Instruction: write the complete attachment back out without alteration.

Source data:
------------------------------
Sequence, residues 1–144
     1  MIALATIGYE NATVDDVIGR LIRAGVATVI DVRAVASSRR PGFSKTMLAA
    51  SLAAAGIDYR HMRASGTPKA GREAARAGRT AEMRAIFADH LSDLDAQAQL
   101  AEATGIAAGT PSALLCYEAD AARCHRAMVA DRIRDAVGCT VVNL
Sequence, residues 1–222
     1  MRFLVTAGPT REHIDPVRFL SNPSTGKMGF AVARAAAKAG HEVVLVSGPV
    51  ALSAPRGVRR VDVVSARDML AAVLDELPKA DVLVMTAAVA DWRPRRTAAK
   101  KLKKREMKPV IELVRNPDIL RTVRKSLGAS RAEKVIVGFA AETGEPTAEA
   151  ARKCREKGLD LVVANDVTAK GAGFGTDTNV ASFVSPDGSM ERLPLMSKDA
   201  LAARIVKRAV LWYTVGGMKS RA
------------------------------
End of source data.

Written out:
Sequence, residues 1–144
     1  MIALATIGYE NATVDDVIGR LIRAGVATVI DVRAVASSRR PGFSKTMLAA
    51  SLAAAGIDYR HMRASGTPKA GREAARAGRT AEMRAIFADH LSDLDAQAQL
   101  AEATGIAAGT PSALLCYEAD AARCHRAMVA DRIRDAVGCT VVNL
Sequence, residues 1–222
     1  MRFLVTAGPT REHIDPVRFL SNPSTGKMGF AVARAAAKAG HEVVLVSGPV
    51  ALSAPRGVRR VDVVSARDML AAVLDELPKA DVLVMTAAVA DWRPRRTAAK
   101  KLKKREMKPV IELVRNPDIL RTVRKSLGAS RAEKVIVGFA AETGEPTAEA
   151  ARKCREKGLD LVVANDVTAK GAGFGTDTNV ASFVSPDGSM ERLPLMSKDA
   201  LAARIVKRAV LWYTVGGMKS RA